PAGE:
The New Enlightenment

Rumee Ahmed speaks out for reconciliation through religion.

This is an image of Rumee Ahmed

Rumee Ahmed
Photo by Stew Milne/Associated Press

Reprinted with permission of Religion & Ethics NewsWeekly, a PBS production of Thirteen/WNET NewYork. All rights reserved.

Rumee Ahmed speaks out for reconciliation through religion. 

Rumee Ahmed (PhD Religious Studies ’08) recently accepted a tenure-track position in Colgate University’s Department of Religion after two successful years as Brown University’s first Muslim chaplain. As one of only a handful of Muslim chaplains at universities around the country, his role at Brown ranged from planning official events and bringing speakers to campus to counseling students and continuing his own scholarship. Only about 100 of Brown’s 5,000 undergraduates are Muslim, and Ahmed applauded the university’s decision to create such a position. “A major institution actually can’t afford not to have that voice,” he told Boston’s Phoenix.

Last fall, Religion & Ethics NewsWeekly spoke with Ahmed about “scriptural reasoning,” a practice in which Christians, Jews and Muslims—the Abrahamic religions—read their scriptures together and discuss issues with the goal of building relationships while understanding differences.

Q: Can you find in scriptural reasoning grounds for hope that discussing different scriptures, different beliefs, can have practical consequences in reducing tensions between lots of Muslims and lots of people in the West, many of whom are Christians? Can you see it trying to work out peaceful relations between Islam and the West?

A: I have seen it. But more importantly, I believe it. I have to believe that this is going to work because the alternatives are so dire. When we’re talking about relations between people of difference, you really only have a few alternatives: You can destroy them. You can make them all like yourself. Or you can engage them and try and understand them. This process of understanding is very, very immature, both in the Muslim world and in the Western world. And I don’t say that in the sense that the West doesn’t understand Muslims. But in our modern education system, we often don’t understand religion and religious people, and we don’t take their religious conviction seriously the way that they take their religious conviction seriously. We have people graduating from universities in political science departments, in economics, in sociology, where people are studying the practical impacts of individuals all over the world. And these people are given—these students are given very little religion vocabulary, if at all, to relate to their own tradition, if not other people’s tradition. The idea that we don’t take religion seriously is, I think, the vacuum created that scriptural reasoning steps into, to say that, you know, your religious conviction actually is important and we’re going to approach you on that level, not as though we don’t have any differences and as though it’s a surface belief, but taking very seriously your conviction.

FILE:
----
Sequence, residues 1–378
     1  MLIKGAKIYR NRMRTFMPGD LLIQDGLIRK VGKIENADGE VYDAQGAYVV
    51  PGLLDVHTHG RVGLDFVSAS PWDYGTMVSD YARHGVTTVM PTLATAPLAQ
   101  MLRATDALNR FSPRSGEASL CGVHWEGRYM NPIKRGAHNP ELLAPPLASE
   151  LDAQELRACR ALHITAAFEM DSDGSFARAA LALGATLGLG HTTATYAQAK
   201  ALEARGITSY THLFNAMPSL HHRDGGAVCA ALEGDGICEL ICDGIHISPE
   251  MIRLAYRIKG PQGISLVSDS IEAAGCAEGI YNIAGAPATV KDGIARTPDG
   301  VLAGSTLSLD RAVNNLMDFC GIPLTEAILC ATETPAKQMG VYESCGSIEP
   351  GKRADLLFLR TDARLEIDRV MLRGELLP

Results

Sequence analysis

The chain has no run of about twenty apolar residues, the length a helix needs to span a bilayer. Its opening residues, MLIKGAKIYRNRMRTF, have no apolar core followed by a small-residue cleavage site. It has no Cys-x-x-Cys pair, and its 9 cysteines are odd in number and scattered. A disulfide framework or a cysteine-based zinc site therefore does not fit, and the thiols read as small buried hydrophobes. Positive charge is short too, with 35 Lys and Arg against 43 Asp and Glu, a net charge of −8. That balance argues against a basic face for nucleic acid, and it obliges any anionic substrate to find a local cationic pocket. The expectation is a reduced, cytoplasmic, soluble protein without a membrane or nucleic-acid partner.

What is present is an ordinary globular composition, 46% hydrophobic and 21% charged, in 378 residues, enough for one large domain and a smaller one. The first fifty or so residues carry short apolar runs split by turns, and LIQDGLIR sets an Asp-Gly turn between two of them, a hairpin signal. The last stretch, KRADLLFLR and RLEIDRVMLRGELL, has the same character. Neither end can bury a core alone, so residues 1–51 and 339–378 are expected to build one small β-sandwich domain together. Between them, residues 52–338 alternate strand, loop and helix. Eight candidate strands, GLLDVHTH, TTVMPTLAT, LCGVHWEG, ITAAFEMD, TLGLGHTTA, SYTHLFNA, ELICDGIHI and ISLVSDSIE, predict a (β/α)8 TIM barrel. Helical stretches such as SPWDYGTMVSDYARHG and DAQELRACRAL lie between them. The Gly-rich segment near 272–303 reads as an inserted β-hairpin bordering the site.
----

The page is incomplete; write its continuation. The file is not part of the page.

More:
Q: How can scriptural reasoning deal with this huge problem of millions of people in the Islamic world thinking the United States and Christianity are out to destroy Islam?

A: Scriptural reasoning allows the opportunity for Christians, Jews and Muslims who are committed to each other, as they are committed to their texts, to demonstrate their commitment—at the round table. What Muslims need to see, and what the West needs to see also, are the vast numbers of people who are committed to reconciliation, and who are committed to their texts, so they can see there’s a Christian here who really cares about me and cares about my text and isn’t trying to convert me but just wants to understand me. And what happens then, the hope is that there will be a de-linking between a Christian in the West and American foreign policy. And hopefully there will be a de-linking between a Muslim living in a Muslim country and that Muslim country’s policies.

Editor’s note: Scriptural reasoning was conceived in 1994 by U.Va. Judaic Studies professor Peter Ochs and two colleagues at Cambridge University. It has grown into a worldwide movement of Christians, Jews and Muslims who join together to read and discuss their shared scriptures, a way of practicing peace at a time of inter-religious tension and conflict. The movement’s four Web journals are all published at U.Va. and edited in large part by U.Va. grad students and faculty. The University is the only institution that offers a Ph.D. in the subject.

Read the rest of the Religion & Ethics NewsWeekly interview with Rumee Ahmed.